Willamette professor earns NSF grant to study plants and climate change

The National Science Foundation has awarded Willamette University Biology Professor Gary Tallman with a grant of $249,980 towards his ongoing research on plant cell division and growth in the face of global climate change.

The grant will allow six Willamette undergraduates to work collaboratively with Tallman on his research, and it will help him create an upper-level biology seminar on plant signal transduction.

Tallman also plans to develop a workshop for the Willamette Valley Biological Education Network, a network among Oregon colleges to improve undergraduate biology education, which will help science faculty develop ways to integrate their research and teaching.

The grant is through an NSF program supporting research that addresses questions about "life in transition," including how living organisms are responding and adapting to climate change.

Tallman's endeavor, entitled "Effects of Heat Stress on Hormonal Signaling in a Thermotolerant Equatorial Perennial Plant, Nicotiana glauca (Graham)," is the latest in a long line of similar research that he began long before Al Gore brought widespread public attention to the climate change crisis.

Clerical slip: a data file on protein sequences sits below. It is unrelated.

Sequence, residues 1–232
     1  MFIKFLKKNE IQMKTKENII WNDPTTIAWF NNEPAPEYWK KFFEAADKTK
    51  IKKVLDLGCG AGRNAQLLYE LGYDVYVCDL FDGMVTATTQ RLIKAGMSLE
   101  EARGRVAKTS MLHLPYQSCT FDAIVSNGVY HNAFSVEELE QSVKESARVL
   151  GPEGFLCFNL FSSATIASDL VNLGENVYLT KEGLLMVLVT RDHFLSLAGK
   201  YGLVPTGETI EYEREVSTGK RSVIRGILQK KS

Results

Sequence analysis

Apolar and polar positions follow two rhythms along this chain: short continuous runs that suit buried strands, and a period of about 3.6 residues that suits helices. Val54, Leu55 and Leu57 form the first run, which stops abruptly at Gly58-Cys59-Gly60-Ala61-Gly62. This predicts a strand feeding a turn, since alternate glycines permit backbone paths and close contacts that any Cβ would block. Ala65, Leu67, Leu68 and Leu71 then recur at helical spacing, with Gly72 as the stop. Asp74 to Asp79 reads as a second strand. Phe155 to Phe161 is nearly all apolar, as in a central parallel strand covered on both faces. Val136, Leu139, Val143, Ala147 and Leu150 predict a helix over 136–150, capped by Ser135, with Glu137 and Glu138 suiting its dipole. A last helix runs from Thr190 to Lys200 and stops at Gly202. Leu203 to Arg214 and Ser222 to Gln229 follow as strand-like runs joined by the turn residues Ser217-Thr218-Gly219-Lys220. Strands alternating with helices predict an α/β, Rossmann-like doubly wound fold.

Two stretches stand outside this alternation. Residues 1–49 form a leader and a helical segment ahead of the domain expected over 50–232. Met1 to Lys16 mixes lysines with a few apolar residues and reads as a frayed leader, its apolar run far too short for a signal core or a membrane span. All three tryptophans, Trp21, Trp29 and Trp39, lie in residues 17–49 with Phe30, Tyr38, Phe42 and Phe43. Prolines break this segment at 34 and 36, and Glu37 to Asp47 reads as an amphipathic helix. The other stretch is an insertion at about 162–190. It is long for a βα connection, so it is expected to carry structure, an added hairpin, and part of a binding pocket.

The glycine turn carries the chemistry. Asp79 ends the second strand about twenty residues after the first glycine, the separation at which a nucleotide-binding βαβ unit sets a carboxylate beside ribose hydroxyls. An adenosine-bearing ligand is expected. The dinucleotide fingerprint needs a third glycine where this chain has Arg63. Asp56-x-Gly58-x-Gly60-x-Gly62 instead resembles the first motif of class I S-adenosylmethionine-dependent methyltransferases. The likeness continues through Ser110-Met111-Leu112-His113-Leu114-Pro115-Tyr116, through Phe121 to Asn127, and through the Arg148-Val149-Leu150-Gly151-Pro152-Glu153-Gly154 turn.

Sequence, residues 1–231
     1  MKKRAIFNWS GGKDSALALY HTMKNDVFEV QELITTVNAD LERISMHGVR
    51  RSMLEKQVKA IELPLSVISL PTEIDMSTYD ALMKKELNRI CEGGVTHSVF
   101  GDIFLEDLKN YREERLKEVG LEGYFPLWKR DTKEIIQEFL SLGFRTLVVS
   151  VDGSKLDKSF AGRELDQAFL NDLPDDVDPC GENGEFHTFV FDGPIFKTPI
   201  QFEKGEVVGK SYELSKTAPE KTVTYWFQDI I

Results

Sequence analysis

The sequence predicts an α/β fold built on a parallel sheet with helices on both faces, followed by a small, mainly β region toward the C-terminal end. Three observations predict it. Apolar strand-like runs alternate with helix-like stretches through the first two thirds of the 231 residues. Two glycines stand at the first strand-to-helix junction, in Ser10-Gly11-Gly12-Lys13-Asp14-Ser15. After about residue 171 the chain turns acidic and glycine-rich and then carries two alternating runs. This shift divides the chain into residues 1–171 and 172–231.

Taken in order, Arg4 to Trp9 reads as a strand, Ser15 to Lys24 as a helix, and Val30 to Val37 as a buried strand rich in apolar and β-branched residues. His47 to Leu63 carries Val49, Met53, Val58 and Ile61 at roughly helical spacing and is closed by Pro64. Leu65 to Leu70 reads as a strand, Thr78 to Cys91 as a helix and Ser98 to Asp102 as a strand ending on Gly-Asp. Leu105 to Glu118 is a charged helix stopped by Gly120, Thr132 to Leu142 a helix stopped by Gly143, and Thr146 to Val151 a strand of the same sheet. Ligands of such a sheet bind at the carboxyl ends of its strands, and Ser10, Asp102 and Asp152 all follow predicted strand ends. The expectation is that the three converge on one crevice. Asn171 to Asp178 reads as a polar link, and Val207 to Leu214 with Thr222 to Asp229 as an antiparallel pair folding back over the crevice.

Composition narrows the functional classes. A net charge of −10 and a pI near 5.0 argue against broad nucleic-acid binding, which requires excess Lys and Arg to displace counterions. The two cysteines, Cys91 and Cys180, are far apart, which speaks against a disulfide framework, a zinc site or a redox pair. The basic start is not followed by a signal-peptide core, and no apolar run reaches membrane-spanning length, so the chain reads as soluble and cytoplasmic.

Tallman's project seeks to determine whether a 5- to 6-degree Celsius difference in temperature has undesirable effects on growth and cell division in plants. Tallman's research to date shows that auxin, a growth hormone located in plant cells, is incapable of activating growth if temperatures are too high.

"This study has implications for conservation management of native, heat-tolerant plants and the animals that may depend on them," according to NSF. "It may also find application in the development of strategies to genetically engineer heat-tolerant perennial crops and ornamentals."

Read more about Tallman's grant on the National Science Foundation website, or learn more about his research in a 2007 article.